Analysis of jobs and training needs

(leads to Box 2)

Design of training

(leads to Box 3)

Development of training materials

(leads to Box 4)

Implementation of training

(leads to Box 5)      

Evaluation of training effectiveness

(leads to feedback) 

Five Options

Feedback on analysis of jobs and training needs

(leads to box one)

Or

Feedback on design of training

(leads to box two)

Or

Feedback on development of training materials

(leads to box three)

Or

Feedback on implementation of training

(leads to box four)

Or

Feedback on evaluation of training effectiveness

(leads to box five)

End

5.1 Analysis phase

The analysis phase is the foundation of any training course or training program and includes inputs from operational staff, end-users, subject-matter experts and training development experts. Its purpose is to specify the required outcome of the training in terms of essential on-the-job performance as defined by role documents, procedures or written instructions. The analysis should consider the following points:

  • rationale and purpose of training
  • scope of the training
  • target audience
  • training method
  • location of the training
  • timeframe for completion of the training

The fundamental processes of the analysis phase are briefly described in the following paragraphs.

5.1.1 Training needs analysis

A training needs analysis (TNA) is often triggered by a performance gap or deficiency that has identified training as the solution. A TNA can be used to systematically assess job performance requirements against existing performance (gap analysis) and identify specific areas that require training. A TNA may also be used to assess skills and knowledge gaps created by engineering design and equipment changes, operational changes, revised procedures, and modifications to regulatory requirements.

5.1.2 Job and task analysis

To identify all performance requirements of a job or duty area, a job analysis should be conducted to determine all of the tasks involved with all states of the nuclear facility, including normal operations, accident conditions and emergencies. The end result of a job analysis is a list of tasks that should be completed to perform the job correctly. Task difficulty, importance and frequency (DIF) are considered to determine which tasks need to be part of training and to determine the initial and continuing training content. A task analysis is conducted to determine the method of task performance and associated knowledge, skills and safety-related attributes. While the knowledge and skills should be determined for each task, safety-related attributes need not be developed for each task but can be developed collectively and documented for a job or duty area.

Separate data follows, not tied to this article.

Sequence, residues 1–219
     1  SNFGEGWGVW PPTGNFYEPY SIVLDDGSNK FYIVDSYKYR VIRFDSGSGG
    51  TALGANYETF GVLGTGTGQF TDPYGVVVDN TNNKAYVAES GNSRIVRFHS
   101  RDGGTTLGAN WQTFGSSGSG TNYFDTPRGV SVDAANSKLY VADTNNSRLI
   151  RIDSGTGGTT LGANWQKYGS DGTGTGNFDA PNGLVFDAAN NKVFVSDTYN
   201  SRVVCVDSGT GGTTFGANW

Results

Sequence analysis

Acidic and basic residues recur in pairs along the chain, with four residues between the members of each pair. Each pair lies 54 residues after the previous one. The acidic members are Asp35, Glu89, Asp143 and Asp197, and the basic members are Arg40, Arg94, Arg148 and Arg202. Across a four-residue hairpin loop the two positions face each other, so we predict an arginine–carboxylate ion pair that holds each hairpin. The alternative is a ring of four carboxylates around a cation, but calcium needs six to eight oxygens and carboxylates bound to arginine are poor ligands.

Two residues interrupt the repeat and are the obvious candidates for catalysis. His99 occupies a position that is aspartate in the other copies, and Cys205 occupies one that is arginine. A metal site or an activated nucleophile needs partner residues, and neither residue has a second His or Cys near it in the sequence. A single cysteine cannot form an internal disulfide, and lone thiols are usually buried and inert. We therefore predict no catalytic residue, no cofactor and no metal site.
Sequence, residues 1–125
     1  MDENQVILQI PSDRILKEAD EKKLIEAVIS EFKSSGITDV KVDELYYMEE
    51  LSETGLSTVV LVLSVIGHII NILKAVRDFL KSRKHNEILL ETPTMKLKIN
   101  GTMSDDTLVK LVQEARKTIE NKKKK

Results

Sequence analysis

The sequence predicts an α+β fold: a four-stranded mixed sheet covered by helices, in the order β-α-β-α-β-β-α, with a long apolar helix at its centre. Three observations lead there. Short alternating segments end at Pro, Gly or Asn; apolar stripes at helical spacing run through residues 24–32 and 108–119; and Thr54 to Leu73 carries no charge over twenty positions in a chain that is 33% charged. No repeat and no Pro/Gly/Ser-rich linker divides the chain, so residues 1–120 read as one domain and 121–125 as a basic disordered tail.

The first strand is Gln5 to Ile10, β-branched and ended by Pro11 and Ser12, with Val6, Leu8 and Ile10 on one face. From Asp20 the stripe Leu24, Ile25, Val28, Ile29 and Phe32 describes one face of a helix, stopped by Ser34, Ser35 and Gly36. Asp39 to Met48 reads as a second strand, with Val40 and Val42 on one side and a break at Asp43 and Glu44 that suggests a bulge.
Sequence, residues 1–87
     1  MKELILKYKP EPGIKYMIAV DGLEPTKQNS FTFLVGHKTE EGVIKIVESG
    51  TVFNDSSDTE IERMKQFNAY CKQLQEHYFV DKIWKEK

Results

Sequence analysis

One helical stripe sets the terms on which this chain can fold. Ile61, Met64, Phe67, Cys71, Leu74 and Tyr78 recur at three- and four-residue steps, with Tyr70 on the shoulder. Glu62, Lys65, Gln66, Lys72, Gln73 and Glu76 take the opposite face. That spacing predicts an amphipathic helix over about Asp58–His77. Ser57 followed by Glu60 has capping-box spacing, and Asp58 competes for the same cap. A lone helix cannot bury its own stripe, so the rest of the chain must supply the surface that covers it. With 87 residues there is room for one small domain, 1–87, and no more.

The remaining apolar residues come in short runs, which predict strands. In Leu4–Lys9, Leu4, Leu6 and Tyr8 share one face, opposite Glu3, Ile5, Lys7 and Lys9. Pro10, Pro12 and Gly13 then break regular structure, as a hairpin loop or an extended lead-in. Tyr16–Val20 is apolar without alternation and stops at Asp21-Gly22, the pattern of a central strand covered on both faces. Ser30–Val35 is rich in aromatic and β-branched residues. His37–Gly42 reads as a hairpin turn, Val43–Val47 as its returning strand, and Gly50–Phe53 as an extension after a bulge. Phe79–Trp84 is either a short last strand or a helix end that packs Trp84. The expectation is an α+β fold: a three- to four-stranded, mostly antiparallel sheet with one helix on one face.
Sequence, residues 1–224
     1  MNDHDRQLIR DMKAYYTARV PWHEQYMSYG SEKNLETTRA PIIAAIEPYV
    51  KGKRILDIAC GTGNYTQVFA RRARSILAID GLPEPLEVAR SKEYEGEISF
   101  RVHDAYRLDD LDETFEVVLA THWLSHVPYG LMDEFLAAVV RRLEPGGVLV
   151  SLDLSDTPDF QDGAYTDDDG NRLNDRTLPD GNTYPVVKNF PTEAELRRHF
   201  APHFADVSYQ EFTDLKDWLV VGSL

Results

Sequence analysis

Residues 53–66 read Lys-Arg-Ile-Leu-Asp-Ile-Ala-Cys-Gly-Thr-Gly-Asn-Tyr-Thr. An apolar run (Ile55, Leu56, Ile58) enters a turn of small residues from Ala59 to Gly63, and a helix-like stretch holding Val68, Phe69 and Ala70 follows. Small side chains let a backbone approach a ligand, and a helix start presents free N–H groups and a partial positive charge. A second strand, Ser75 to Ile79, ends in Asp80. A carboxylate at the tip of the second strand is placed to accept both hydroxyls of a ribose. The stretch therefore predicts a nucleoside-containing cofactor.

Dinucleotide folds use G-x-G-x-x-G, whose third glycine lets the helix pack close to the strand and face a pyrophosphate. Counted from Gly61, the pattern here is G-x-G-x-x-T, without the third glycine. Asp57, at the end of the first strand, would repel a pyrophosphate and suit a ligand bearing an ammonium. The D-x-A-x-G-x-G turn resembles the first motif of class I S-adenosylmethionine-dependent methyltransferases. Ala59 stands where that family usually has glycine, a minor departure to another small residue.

5.1.3 Learning objectives

Terminal learning objectives (TLOs) are statements of the tasks that the workers must be able to demonstrate after completing the training. TLOs should be measurable and define exactly when, what and how well the trainee must be capable of performing on the job upon completion of the training.

A terminal learning objective should include the following:

  • Performance statement: states the task to be performed
  • Condition statement: describes conditions under which the performance must be completed
  • Standards: state the measurable criteria that describe how well the performance should be completed

5.1.4 Target audience analysis

A target audience analysis determines the numbers and categories of workers to be trained and, where possible, the characteristics of the individuals who will receive the training (e.g., current job experience and prior background, experience, education and training). This information ensures that the training is designed, developed and implemented at the correct level, and assists with determining any necessary training prerequisites, including the minimum entry level education and training.

Appendix A contains a practical example of an analysis phase of SAT conducted in accordance with the principles of this regulatory document.

5.2 Design phase

The design phase should include the selection and description of the training and an environment that will enable the trainees to achieve the TLOs determined in the analysis phase. The design phase starts with the results of the analysis phase and ends with a plan for the development of the training. The design phase takes the output from the analysis phase and specifies how the information will be presented and how the knowledge, skills and safety-related attributes will be tested.

The fundamental processes of the design phase are briefly described in the following paragraphs.

5.2.1 Trainee characteristics

As a result of the analysis phase, the target audience should have been broadly defined. During this phase, the trainee characteristics should be further described in terms of their entry-level knowledge, skills and safety-related attributes, and those characteristics likely to affect their responses to particular instructional activities. Information obtained in this process will guide subsequent decisions such as those regarding appropriate instructional sequences, methods and media, and help tailor the training to trainees’ needs and learning characteristics.

5.2.2 Instructional program design

The instructional program design determines the knowledge, skills and safety-related attributes required to perform a task. These knowledge, skills and safety-related attributes lead to enabling objectives (EOs), which document the knowledge, skills and safety-related attributes. These EOs are then grouped and sequenced into the order most suitable for learning.

5.2.3 Enabling objectives

EOs are the principal units of learning and constitute a major step towards achieving the associated TLOs. As sub-components of TLOs, EOs represent manageable units of work: units that are coherent in terms of logic, learning of work, and that have a suitable scope and are appropriate for testing learning progress. Like a TLO, an EO is composed of three essential parts:

  • Performance statement: an observable action normally stated as one action associated with a single verb. If the action is complicated or if more than one verb is used, then the EO needs to be broken down further into other EOs with simple actions.